Mattel Nabs Universal’s ‘Jurassic Park’ Toy License From Hasbroby
Company had previously lost ‘Frozen’ franchise to its rival
‘Jurassic’ toys generated about $100 million last year
Starting next July, Mattel will take over the toy line for the dinosaur franchise, which is owned by Comcast Corp., according to a statement on Tuesday. Terms of the deal weren’t disclosed, but “Jurassic” toys generated about $100 million in sales last year for Hasbro.
Entertainment licenses -- especially ones aimed at boys -- have become increasingly important in the toy industry, and Hasbro had secured many of the biggest. It owns the rights to Walt Disney Co.’s “Star Wars” and the Marvel characters. But Mattel, the larger of the two rivals, has been fighting back. It has a deal with Time Warner Inc.’s DC Comics and is developing toys around a growing roster of characters. That includes this year’s “Batman v Superman: Dawn of Justice.”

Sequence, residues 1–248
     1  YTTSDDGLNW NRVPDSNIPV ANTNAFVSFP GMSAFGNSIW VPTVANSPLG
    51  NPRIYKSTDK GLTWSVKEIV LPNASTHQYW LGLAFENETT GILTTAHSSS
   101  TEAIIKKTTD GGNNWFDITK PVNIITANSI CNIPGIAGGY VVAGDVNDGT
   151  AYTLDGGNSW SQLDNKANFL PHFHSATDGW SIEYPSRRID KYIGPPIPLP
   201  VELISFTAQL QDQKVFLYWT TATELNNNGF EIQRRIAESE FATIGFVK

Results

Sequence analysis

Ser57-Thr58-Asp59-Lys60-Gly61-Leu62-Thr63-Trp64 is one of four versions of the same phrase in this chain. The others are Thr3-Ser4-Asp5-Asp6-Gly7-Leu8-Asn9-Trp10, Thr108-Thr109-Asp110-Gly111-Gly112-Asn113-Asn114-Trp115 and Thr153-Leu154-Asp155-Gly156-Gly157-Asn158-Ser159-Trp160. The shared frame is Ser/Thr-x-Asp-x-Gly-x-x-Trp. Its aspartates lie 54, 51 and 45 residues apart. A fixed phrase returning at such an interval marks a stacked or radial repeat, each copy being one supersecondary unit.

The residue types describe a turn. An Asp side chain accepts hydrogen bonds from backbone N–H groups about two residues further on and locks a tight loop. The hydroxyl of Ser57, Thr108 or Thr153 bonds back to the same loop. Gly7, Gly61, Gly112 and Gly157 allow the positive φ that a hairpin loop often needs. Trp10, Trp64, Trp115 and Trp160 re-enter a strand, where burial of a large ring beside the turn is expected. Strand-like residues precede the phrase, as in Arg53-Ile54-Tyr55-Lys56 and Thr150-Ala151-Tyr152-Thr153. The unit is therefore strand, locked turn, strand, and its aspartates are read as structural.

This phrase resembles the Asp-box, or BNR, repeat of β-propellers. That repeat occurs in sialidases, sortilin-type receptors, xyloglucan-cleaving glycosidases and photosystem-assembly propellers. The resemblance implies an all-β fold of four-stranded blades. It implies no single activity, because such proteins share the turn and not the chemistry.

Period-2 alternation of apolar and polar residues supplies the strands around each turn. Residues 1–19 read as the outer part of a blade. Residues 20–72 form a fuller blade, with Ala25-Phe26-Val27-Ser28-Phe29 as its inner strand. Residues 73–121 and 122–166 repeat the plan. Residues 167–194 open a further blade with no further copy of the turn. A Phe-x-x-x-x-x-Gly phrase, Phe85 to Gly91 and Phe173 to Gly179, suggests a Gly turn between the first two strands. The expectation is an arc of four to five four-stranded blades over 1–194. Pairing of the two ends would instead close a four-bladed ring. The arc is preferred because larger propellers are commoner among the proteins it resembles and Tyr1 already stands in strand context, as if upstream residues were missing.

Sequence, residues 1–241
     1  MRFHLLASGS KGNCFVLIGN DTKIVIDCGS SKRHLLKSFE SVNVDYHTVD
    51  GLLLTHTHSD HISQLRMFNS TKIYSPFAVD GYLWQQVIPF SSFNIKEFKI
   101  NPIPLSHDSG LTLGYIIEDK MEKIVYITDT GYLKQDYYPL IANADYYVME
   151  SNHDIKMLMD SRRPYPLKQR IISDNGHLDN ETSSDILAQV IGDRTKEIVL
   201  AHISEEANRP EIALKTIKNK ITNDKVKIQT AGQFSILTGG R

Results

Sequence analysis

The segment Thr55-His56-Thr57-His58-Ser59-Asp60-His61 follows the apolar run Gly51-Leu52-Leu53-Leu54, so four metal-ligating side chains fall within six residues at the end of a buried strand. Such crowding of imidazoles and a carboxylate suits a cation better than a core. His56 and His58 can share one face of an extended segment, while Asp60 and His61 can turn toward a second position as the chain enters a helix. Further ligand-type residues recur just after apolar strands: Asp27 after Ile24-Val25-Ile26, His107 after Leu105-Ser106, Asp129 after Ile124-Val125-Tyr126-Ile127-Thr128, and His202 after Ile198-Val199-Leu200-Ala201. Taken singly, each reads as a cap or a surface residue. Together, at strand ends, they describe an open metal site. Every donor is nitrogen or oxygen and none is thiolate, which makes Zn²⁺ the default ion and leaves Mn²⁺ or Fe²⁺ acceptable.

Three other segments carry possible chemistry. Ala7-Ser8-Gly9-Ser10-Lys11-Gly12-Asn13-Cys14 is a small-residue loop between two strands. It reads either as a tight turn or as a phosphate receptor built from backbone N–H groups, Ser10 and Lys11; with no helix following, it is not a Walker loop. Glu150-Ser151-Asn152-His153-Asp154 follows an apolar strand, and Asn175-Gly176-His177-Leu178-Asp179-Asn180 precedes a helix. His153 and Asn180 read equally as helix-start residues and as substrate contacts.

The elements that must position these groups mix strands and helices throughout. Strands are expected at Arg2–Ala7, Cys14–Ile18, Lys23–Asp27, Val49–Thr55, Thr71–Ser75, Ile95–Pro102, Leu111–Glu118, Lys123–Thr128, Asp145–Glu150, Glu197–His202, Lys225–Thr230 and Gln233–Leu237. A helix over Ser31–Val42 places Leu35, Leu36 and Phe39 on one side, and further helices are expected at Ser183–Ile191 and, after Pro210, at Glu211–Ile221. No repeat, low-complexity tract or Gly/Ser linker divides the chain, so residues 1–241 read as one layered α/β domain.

“The appetite for the franchise globally is stronger than ever,” Vince Klaseus, president of Comcast’s NBCUniversal brand development, said in the statement. “Mattel’s global support, creativity and category approach to expand our franchise makes them the best choice to partner with for this brand.”
“Jurassic World” -- the latest installment in the series and the first in more than a decade -- grossed $1.67 billion worldwide in 2015 for Universal Pictures and theater owners. A fifth movie is scheduled for 2018, when Mattel’s first toys are expected to hit shelves.
The “Jurassic Park” deal could help fill the hole left by Mattel’s loss of both the “Frozen” and Disney Princess licenses to Hasbro. In June, El Segundo, California-based Mattel also announced a deal to license the “Fast & Furious” film franchise from Universal and release a line of vehicles next year.
Hasbro, meanwhile, reported slowing sales growth for boys’ products on Monday, raising concern for investors. Chief Executive Officer Brian Goldner said about 45 minutes into an earnings conference call that its licensing deal for “Jurassic Park” was coming to an end. Its current line of toys in the prehistoric franchise declined about 50 percent this year because there isn’t a movie hitting theaters this year to spur interest.